Comic Books And Society
Clinton R. Sanders
SOURCE: "Icons of the Alternate Culture: The Themes and Functions of Underground Comix," in Journal of Popular Culture, Vol. VIII, No. 4, Spring, 1975, pp. 836-52.
[In the following excerpt, Sanders considers the social, political, and commercial aspects of underground comic books.]
Much of the popular culture literature is devoted to the discussion of the theoretical constructs and methodological approaches which are most useful in the study of "non-elite" cultural products. I agree with Gillespie that clarity will not be achieved until standardized interpretive concepts are developed. This framework can be built only when the foci and explanatory perspectives employed are clearly and consistently presented.
This paper deals with a relatively new cultural product—underground comix. It is a study of an artistic phenomenon which focuses on the socially constructed definitions of reality which shape both form and content. In that the effect of this medium/message on the perceptions and values of its consumers is emphasized, the discussion relates generally to the sociology of art.
The premise that art is shaped by the interaction of the artist, the public and the distribution network underlies the following discussion. Art is not created in a vacuum. The artist has learned the values and perceptions which are generally accepted within the host society. Similarly, underground comix artists are conscious members of an alienated group which has developed a body of lore and a particular view of reality. Comix clearly reflect the subcultural socialization of their creators.
Is it legitimate to view underground comix as a part of contemporary popular culture? Not if Nye's definition is employed. Comix are not "widely diffused, generally accepted (and) approved by the majority". I prefer, however, to use the broader definition of popular culture offered by Ray Browne.
(A) viable definition for Popular Culture is all those elements of life which are not narrowly intellectual or creatively elitist and which are generally though not necessarily disseminated through the mass media.… "Popular Culture" thus embraces all levels of our society and culture other than the Elite—the "popular," "mass" and "folk."
Comics, as an artistic product, provide an excellent mirror in which the careful observer can see reflected the values, hopes, concerns and perceptions of the society. Further, in that comics function to promote social change by mocking that which is held sacred and provide a medium for bringing socially disapproved topics to the public consciousness, they offer an excellent source of data on how social change mechanisms operate. These aspects of comics will be used to focus a later discussion of the subcultural and societal impact of underground comix.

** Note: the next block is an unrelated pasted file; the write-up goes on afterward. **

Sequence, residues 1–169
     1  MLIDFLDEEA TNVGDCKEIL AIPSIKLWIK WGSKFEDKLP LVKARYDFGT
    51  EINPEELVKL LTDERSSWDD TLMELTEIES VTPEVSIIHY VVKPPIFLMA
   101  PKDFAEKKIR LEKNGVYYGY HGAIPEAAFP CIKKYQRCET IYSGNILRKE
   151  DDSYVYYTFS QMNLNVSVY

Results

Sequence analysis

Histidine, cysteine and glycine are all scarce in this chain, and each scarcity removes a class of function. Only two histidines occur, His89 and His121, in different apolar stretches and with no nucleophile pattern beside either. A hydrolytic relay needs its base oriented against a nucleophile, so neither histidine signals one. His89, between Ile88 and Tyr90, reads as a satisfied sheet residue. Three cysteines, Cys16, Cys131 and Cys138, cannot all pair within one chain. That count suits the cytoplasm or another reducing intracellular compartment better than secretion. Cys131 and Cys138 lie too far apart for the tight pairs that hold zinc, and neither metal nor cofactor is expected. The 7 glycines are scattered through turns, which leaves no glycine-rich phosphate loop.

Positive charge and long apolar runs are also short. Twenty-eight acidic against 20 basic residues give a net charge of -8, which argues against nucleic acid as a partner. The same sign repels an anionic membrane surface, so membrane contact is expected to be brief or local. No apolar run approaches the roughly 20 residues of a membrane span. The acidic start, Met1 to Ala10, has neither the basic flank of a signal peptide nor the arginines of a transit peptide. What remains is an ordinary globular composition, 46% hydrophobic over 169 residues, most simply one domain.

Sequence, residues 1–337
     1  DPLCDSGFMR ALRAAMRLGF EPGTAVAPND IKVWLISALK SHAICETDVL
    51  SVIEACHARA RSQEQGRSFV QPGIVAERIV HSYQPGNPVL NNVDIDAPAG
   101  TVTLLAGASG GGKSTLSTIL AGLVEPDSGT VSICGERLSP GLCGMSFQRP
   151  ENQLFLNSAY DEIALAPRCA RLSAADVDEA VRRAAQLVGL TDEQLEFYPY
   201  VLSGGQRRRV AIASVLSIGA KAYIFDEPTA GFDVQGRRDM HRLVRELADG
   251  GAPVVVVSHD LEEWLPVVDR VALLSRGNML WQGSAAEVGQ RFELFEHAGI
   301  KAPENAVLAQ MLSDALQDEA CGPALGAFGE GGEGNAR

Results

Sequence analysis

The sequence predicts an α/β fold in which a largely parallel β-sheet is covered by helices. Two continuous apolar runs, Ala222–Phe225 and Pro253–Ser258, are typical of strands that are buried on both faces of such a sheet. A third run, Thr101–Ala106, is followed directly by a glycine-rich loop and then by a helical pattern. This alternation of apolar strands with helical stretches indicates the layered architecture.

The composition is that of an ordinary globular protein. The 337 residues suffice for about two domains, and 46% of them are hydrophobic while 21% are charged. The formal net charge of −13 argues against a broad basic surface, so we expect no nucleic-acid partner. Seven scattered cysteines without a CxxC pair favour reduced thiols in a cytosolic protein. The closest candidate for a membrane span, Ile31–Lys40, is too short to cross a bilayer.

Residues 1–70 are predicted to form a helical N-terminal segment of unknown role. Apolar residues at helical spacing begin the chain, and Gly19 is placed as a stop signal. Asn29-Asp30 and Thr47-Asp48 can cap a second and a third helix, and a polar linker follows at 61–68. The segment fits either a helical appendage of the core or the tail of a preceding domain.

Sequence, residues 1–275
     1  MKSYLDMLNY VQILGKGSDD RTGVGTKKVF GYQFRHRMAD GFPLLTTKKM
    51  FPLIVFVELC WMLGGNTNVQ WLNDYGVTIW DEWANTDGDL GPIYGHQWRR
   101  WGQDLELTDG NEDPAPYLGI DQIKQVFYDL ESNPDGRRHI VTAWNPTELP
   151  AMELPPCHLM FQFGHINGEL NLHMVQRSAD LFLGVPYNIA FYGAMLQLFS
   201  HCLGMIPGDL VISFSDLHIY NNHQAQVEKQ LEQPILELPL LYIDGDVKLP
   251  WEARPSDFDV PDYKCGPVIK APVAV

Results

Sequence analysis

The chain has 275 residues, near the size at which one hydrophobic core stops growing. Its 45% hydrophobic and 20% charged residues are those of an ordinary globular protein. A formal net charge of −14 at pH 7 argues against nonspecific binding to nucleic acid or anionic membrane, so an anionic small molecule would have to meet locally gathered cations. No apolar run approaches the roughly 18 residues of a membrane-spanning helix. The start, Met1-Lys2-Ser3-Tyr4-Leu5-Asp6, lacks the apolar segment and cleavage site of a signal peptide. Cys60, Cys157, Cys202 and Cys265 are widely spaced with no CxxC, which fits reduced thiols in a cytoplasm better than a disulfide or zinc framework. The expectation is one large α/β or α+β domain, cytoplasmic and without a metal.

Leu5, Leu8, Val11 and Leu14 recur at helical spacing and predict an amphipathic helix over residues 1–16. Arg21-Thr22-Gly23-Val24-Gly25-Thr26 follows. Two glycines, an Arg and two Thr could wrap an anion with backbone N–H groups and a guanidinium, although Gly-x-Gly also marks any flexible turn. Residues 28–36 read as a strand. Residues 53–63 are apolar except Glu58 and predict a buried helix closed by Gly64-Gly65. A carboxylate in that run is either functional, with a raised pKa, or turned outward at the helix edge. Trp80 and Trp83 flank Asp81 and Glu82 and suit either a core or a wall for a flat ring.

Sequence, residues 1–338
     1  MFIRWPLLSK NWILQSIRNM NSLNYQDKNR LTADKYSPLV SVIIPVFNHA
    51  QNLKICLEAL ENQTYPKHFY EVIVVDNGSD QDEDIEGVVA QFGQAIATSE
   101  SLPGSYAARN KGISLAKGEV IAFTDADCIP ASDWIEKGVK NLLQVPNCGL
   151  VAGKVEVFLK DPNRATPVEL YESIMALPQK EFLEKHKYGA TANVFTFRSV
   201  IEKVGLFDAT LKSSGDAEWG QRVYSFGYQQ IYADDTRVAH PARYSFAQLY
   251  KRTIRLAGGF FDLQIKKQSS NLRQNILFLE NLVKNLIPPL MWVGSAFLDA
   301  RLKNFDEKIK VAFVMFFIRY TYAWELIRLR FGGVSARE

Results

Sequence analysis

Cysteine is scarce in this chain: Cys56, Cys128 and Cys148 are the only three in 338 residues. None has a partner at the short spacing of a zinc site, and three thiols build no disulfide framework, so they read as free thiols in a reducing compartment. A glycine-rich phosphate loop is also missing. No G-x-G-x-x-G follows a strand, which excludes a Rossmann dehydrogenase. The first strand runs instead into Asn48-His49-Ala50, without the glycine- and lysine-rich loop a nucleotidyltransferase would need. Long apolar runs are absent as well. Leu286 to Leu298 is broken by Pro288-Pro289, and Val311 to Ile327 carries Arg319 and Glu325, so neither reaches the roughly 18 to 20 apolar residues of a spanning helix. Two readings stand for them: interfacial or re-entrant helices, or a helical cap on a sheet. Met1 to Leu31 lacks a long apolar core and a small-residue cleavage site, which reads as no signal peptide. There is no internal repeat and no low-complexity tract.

The following discussion begins with a brief history which touches on the major graphic forms and social forces which are important in the development of underground comix. Next, a description of the thematic patterns to be found in the comix is presented. This description provides the illustrative base for an analysis of the impact which comics, in general, and undergrounds, in particular, have on American culture. Comix exist because they provide some people with something they need. A meaningful discussion of an artistic product must deal with the function of the product for its audience. As Van Den Haag states:
In my opinion, emphasis on cultural objects misses the point. A sociologist (and to analyze mass culture is a sociological enterprise) must focus on the functions of such objects in people's lives: he must study how they are used; who produces what for whom; why, and with what effects. To be sure, value judgments cannot be avoided, but the qualities of the product become relevant only when related to its social function.
The paper concludes with an analysis of the cohesive role which comix play in the growing alternative culture with which the majority of the artists...
(The entire section is 33,470 words.)